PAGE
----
The Transhuman Gap

[Cross-posted from Signtific Lab.]

While most would support using technology to allow parapalegics to walk again, to help the blind to see and the deaf to hear, how will society view those who electively enhance themselves through prosthetics & implants?

Consider the not-so-subtle marginalization of transhumanists who believe that technology should be readily integrated into human biology, experimenting with their own crude body modifications. Or the implications around personal security and privacy (not to mention religious fear) raised by those intrepid folks who are self-implanting RFIDs into their forearms to activate lighting & appliances when they enter their homes. Even the international debates over performance-enhancing drug use by athletes reinforces the cultural belief that a “natural” baseline range exists for human abilities and any “synthetic” modification beyond the accepted range is considered unfair.

From issues of fairness to those of security and trust, integrating more machinery into a programmable nervous system challenges many of the fundamental notions we have of what it means to be human. When a Marine returns from a warzone patched up with a cochlear implant, how will they be regarded when it’s revealed that they can hear you speaking from 3 blocks away? Imagine if that person then enters the Police force, what issues of civil liberty and privacy might be confronted? How might we regard an employer that suggests each employee be programmed with software to bring them into the corporate Thinkmesh?

How does society’s regard for a technology change when that technology becomes part of our bodies? How does our relationship to people change if we know they are different? What competitive advantages are conferred by these technologies and how will they be reinforced by socioeconomic drivers? What gaps might arise between those able to afford augmentations and those who cannot?

And what becomes of the Platonic sense of one fundamental Reality when more & more people are seeing personalized variations of the world mediated by connected devices? Will the merging of technology & flesh enable a more cohesive & effective society or a more fragmented and divisive one?

Thus far humans have worked from a standard body map that allows us to understand ourselves and project that understanding onto all other classes of our species. We will likely bring both our sense of membership as well as our fear of otherness with us as we begin to internalize machines unevenly across cultures.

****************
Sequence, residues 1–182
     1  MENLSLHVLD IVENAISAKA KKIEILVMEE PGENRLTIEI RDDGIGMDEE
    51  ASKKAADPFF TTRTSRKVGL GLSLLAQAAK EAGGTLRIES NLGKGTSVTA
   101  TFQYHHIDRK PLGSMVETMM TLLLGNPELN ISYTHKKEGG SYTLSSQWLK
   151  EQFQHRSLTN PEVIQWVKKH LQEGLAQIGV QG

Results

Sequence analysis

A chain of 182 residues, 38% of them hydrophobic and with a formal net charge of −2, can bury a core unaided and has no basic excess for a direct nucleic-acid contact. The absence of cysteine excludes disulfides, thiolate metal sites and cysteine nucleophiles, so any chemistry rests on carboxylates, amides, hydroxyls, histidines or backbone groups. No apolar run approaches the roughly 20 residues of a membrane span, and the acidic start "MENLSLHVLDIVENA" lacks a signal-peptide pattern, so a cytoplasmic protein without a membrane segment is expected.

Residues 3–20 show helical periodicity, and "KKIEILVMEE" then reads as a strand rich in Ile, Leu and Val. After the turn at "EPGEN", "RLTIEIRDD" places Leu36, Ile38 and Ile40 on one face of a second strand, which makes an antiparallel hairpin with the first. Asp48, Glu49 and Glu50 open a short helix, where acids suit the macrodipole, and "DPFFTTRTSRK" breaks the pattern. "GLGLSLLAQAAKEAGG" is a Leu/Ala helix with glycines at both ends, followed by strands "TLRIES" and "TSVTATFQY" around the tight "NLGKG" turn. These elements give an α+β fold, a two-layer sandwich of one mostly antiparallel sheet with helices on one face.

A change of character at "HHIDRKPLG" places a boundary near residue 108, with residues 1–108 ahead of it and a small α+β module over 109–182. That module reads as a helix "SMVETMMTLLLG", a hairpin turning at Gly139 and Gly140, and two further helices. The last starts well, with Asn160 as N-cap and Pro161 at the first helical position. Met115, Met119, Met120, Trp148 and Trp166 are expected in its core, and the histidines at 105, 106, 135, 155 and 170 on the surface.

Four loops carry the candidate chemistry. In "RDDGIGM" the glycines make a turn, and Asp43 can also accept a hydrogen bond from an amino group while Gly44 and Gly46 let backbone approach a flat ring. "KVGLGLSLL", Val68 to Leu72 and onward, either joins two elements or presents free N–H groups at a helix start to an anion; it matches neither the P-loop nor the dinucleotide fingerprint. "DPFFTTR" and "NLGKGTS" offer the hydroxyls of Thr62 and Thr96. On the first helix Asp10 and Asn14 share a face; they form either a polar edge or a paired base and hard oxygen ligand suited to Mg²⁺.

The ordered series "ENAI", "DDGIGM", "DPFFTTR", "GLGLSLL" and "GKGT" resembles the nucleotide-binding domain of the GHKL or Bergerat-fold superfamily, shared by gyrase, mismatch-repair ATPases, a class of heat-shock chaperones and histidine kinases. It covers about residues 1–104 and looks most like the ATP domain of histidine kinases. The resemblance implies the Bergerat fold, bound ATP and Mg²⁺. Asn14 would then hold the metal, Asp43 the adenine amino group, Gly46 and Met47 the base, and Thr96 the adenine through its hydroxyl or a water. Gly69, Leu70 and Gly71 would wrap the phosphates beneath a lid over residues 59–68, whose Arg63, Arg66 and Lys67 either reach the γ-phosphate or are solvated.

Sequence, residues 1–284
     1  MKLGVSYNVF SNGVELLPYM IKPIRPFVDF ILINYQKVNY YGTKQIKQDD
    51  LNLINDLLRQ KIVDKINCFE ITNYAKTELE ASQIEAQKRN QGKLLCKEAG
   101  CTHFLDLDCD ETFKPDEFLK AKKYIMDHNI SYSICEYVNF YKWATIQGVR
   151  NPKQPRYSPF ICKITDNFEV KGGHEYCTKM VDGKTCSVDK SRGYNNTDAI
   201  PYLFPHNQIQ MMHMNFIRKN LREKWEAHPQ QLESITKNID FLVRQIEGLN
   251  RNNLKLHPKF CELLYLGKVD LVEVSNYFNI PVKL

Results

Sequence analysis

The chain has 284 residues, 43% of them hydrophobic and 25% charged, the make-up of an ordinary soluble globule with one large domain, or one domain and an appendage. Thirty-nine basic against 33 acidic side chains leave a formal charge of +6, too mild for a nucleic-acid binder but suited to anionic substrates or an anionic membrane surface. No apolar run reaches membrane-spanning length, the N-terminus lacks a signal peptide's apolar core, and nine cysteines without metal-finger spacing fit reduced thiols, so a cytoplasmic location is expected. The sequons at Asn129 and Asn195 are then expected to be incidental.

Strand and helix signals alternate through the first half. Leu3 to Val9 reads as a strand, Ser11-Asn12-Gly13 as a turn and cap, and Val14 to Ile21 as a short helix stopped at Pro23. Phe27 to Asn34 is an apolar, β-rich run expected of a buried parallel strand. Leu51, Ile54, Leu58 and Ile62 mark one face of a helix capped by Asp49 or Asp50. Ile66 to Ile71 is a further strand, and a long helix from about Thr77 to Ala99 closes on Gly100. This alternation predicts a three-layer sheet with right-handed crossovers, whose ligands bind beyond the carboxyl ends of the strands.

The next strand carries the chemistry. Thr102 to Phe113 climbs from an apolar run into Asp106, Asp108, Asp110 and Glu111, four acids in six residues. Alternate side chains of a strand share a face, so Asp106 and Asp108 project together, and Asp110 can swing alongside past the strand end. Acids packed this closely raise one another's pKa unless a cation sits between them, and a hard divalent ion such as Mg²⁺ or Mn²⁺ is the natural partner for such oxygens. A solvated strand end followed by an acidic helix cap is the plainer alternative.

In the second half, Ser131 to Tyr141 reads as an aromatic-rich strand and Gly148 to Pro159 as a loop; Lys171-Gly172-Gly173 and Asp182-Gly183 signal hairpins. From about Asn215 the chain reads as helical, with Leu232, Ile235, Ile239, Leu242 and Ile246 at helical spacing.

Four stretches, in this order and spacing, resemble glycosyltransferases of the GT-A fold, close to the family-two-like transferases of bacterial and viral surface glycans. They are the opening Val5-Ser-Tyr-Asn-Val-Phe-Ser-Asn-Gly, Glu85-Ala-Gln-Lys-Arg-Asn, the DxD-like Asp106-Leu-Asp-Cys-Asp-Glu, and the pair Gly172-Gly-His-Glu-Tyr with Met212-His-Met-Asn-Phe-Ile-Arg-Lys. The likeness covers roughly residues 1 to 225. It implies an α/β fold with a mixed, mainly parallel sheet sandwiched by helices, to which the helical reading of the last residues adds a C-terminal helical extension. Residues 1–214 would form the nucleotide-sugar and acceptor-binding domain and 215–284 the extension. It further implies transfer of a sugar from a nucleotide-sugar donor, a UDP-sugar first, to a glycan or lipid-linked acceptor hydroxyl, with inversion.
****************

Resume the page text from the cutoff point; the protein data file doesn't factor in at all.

[See also 5 Dark Scenarios For Trans-humanity.]

4 comments

  1. Jason

    I think the potential for humanity is great, but right now we are stagnant. It is not so much the addition of technology to physiology but it is taking on a mindset of improving ourselves. Yes there is a large potential for abuse when it comes to implants, and a black market will surely arise for those less scrupulous. Personally I believe our minds need to evolve first, then we can work more on our bodies. Right now the median of society isn’t responsible enough for implants that would either drastically or marginally give them an edge. The nature of people isn’t inherently altruistic, and it pains me to say that as I am just as guilty as the next man of selfishness and greed. I just hope our society can adapt quick enough because whether we are ready for it or not the changes are happening, because most scientists are so preoccupied with whether or not they can achieve a cohesion between flesh and tech that they don’t stop to think if they should.

  2. chris arkenberg

    Jason, there are a lot of interesting trends looking at how design and gameplay can be used to encourage healthy & altruistic behavior… So we may yet evolve our nature in time to build a positive future.

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